The Courts may refuse to make an opinion on the reference if “such a situation may perhaps arise if the questions formulated for the advisory opinion are purely socio-economic or political questions which have no relation whatever with any of the provisions of the Constitution, or have no significance” (paragraph 18 of Keshav Singh’s case). But the Courts have to give strong and compelling reasons. On questions of fact, Justice AN Ray stated in Re Presidential Poll case of 1974 in paragraph 38:
“The truth or otherwise of the facts cannot be enquired or gone into nor can Court go into the question of bona fides or otherwise of the authority making the reference. This Court cannot go behind the recital. This Court cannot go into disputed questions of fact in its advisory jurisdiction under Article 143(1).”
The Court in the case of Keshav Singh held that the present case involves “grave constitutional importance and significance and it is our [the Court’s] duty to make a report to the President embodying our answers to the questions formulated by [President]”. Hence, they accepted the reference made by the President for opinion. But the Supreme Court has the discretion and it may refuse to give an opinion on certain matters under clause 1.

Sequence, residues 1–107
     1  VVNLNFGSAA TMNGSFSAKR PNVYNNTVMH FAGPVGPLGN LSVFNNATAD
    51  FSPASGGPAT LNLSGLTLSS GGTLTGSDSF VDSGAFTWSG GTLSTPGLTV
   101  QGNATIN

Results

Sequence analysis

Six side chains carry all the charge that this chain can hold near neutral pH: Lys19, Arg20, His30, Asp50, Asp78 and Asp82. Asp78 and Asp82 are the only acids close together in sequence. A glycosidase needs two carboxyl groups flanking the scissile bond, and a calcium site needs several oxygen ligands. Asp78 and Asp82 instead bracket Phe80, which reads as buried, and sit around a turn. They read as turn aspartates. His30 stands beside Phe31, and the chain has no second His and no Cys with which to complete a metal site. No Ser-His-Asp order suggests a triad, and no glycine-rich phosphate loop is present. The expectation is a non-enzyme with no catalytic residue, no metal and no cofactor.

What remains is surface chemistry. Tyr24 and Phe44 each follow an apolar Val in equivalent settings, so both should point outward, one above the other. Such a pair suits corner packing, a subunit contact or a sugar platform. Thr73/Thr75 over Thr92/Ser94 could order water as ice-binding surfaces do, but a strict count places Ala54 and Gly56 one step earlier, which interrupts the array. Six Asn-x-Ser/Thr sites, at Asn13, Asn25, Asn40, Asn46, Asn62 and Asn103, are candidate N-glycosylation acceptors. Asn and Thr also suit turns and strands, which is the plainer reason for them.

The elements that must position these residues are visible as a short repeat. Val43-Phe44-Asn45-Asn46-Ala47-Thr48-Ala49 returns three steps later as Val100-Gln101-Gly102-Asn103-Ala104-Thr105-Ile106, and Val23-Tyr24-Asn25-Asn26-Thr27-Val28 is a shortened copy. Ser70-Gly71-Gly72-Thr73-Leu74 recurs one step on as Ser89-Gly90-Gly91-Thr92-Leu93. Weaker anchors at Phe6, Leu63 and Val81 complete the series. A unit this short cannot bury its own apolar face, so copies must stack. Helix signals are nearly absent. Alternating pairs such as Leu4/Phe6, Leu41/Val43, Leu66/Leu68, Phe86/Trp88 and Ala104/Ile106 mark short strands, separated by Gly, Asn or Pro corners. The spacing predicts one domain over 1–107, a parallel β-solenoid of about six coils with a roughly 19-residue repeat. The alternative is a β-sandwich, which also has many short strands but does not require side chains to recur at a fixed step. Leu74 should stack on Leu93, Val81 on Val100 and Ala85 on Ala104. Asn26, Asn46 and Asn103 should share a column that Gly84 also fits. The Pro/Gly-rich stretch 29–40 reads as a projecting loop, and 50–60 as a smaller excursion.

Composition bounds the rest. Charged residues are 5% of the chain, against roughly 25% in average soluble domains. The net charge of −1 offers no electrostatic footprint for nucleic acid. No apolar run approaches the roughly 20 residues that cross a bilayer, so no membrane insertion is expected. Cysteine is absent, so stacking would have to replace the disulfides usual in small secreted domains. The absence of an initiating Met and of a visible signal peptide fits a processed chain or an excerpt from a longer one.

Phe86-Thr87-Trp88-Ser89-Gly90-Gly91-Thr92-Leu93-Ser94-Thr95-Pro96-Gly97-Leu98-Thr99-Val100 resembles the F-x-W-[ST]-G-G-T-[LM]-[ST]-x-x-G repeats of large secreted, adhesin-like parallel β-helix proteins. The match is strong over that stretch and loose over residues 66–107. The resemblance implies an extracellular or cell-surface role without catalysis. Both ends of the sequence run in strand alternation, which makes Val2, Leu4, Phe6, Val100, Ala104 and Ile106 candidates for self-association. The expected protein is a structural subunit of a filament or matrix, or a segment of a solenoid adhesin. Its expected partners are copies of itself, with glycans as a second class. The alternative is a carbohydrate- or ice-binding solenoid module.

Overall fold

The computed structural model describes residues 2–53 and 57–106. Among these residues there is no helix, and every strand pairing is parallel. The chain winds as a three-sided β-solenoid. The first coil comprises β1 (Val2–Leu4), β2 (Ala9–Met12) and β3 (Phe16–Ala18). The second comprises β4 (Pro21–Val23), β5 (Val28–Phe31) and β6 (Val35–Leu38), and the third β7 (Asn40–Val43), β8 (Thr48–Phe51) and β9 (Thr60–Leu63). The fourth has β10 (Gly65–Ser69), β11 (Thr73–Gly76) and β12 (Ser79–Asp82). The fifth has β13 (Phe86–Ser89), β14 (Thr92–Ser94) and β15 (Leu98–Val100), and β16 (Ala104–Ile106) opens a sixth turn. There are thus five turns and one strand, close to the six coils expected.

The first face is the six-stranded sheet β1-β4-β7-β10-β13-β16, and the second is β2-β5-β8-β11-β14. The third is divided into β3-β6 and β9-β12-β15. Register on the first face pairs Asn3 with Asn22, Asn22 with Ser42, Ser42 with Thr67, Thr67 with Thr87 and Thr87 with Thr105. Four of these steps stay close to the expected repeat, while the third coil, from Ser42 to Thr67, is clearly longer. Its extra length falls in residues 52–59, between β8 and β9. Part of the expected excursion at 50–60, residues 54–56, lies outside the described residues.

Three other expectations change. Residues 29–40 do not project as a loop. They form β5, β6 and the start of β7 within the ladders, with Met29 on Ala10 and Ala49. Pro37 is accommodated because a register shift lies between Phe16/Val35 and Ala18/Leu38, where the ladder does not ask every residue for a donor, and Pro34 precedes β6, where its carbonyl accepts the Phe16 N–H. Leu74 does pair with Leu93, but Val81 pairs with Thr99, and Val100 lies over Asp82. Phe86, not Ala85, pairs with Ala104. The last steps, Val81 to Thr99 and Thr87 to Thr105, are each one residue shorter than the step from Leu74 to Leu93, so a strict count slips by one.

Some earlier decisions: Understanding the “subject matter” of references
During the last seventy years since the constitution came into force, several references have been made to the Supreme Court under Article 143(1), but none under Article 143(2). I have taken note, in the tabular form, of a few references made by the President and the subject matter of the same.
|Reference case & year||Subject-Matter|